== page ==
Despite its relatively small population, Sweden has long served as a breeding ground for new music that resonates beyond its borders. Over the past decade, the likes of the Cardigans, Peter Bjorn and John, and Robyn have enjoyed huge success worldwide, and the steady stream of quality acts from Sweden looking to gain recognition abroad shows little sign of letting up in 2011.
One name to look out for in the new year is that of Britta Persson. Uppsala-born and currently residing in Stockholm, the 29-year-old songwriter this autumn released her new album, Current Affair Medium Rare, to a rapturous reception from critics and fans.
And on Monday, she was nominated for a Swedish Grammis award in the category of Best Female Artist.
Persson has been plying her trade in Sweden since 2004, starting out as a solo artist selling her demo CD through her website. In an age where Myspace and MP3s have long been the norm for getting your music out there, it sounds prehistoric that Persson actually burned the CDs, packaged them and sent them in the post – each with a handwritten set-list included.
Once word of mouth spread, she became a one woman production line – sending two thousand copies of the demo in total. That must have been a lot of trips to the post office.
“It was a period when I was in my own little bubble’, she told the Svenska Dagbladet (SvD) newspaper in a recent interview.
“I wouldn’t want to do it again, but in some ways it was quite nice. I think I was good at it.”
Britta’s big break came when she contacted singer-songwriter Kristofer Åström. Claiming that their “musical language and voices fit together”, Persson proposed a collaboration.
“He wrote ‘Prove it!’ and invited me to the studio where he was recording the album Loupita.”
The meet up proved a success, and Persson ended up singing on Åström’s album and even opening for him on tour. The former Fireside and Hidden Truck singer later produced Top Quality Bones and a Little Terrorist, Persson’s 2006 debut album. She describes it as a “pure homemade recording”, cut in Åström’s kitchen with “two microphones, a guitar and a computer.”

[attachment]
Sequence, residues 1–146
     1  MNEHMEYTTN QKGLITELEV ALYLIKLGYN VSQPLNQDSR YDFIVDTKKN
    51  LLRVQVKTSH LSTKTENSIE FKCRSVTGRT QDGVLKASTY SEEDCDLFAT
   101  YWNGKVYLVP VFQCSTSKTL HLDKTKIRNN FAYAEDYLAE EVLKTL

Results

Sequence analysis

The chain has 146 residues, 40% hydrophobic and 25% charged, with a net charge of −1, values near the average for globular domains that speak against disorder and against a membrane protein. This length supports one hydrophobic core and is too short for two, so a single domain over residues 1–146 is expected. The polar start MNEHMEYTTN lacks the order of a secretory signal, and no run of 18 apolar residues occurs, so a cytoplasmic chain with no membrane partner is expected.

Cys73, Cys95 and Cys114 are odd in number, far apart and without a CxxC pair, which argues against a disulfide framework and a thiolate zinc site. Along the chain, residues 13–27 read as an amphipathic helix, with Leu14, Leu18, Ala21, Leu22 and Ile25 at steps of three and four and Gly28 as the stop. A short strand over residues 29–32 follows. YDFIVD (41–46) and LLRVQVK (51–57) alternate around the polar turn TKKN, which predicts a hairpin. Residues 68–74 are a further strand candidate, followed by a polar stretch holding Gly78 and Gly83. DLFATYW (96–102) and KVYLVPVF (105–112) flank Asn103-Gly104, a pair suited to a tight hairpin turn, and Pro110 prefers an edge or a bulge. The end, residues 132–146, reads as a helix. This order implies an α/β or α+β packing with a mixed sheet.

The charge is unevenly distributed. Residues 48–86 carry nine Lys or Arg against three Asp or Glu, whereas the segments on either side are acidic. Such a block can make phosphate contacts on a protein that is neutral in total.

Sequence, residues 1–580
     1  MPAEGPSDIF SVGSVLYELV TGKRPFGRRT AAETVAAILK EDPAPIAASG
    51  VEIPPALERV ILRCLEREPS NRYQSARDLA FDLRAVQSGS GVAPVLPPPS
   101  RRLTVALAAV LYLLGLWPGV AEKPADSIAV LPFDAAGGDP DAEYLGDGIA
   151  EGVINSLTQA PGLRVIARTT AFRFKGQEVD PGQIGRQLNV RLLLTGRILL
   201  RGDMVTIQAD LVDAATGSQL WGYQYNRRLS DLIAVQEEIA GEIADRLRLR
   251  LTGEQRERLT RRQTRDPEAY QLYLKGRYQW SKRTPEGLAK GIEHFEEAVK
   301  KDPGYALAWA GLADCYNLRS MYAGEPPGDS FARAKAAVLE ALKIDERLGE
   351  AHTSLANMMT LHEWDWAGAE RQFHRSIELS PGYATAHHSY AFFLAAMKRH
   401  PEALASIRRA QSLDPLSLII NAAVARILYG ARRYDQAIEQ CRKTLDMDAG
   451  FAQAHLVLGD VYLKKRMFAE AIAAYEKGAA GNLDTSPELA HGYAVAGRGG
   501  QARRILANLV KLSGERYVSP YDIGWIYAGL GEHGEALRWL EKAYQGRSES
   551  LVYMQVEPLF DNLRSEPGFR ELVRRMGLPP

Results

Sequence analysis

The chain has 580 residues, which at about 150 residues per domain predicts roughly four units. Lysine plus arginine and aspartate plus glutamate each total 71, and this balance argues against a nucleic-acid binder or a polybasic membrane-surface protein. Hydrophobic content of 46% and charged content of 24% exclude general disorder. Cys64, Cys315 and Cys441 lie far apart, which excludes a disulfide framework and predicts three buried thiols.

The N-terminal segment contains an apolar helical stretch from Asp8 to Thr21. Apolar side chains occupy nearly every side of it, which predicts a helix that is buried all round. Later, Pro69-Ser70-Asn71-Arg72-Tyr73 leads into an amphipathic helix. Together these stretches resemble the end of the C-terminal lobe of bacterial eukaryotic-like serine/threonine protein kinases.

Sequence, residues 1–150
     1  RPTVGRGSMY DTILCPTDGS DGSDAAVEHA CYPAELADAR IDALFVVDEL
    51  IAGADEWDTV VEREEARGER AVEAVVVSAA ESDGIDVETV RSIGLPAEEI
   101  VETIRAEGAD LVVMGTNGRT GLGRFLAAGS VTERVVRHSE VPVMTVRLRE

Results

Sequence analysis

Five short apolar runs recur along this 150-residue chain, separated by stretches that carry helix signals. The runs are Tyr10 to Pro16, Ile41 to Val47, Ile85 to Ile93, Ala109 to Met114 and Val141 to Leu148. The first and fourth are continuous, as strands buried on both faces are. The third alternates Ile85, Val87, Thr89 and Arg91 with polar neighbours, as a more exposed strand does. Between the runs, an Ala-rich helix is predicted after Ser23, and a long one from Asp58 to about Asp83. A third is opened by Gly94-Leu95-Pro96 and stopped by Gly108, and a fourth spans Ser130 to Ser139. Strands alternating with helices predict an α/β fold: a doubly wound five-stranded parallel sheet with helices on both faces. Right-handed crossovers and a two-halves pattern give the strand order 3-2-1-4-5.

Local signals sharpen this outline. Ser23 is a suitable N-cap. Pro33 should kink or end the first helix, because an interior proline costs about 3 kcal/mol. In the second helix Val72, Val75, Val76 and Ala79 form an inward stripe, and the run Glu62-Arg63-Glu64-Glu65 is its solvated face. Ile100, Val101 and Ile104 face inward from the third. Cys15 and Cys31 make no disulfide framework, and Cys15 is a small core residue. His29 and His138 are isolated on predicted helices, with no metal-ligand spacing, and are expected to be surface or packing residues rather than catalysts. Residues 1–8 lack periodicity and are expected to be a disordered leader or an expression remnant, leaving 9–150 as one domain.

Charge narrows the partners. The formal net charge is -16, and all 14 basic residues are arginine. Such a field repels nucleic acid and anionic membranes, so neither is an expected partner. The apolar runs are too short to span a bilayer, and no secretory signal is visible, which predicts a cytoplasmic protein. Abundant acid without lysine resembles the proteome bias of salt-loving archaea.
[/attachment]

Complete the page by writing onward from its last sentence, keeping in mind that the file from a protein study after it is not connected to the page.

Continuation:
Four years later and Persson is now a seasoned pro – both in the studio and as a live performer. Together with what she calls her ‘genius band’, Persson has made album number three, Current Affair Medium Rare.
“The album sums up not many years of my life, but is an excerpt of what it is right now,” she writes on her blog.
“But I think you can chew on it for a long time. There are quite a few layers to the album and goodies to discover after the thirtieth listening too.”
On 2008’s Kill Hollywood Me, the album’s immediate predecessor, Persson was writing wryly humorous songs about the ups and downs of romance. While the new album’s no less witty, it’s more about human relationships in a general sense, focusing more on building expansive arrangements and creating experimental sounds than on summery pop melodies.
“Nowadays I find the production as important as the songs,” she tells The Local via email.
It’s certainly a million miles from the early days of recording her vocals through a lampshade.
“This time I‘ve had much higher ambitions,” she continues.
“I kept thinking that I was going to make the world’s best record and that there shouldn’t be a minute that is useless on this disc. These are ten very-good songs.”
November saw Persson tour throughout Sweden, and she’s due to play Stockholm’s Södra Teatern later this Thursday, December 16th. It’ll be her last gig of the year, and she is looking forward to it.
“It’s a whole new thing with this album and this band, much easier and more fun live,” she insists.
Of course, it’s full steam ahead for 2011, with Current Affair Medium Rare released in the rest of Europe early in the new year, after a trip in January to play at the Eurosonic festival in the Netherlands.
As for why Sweden bursts at the seams with great music, Persson proposes a couple of theories.
“I think one of the reasons is that we’re a bunch of spoiled kids!” she quips, before getting serious.
“It might be that we Swedes have developed some kind of collective self-confidence in pop music. If all your friends are making music, it’s not hard to think you can do it yourself.”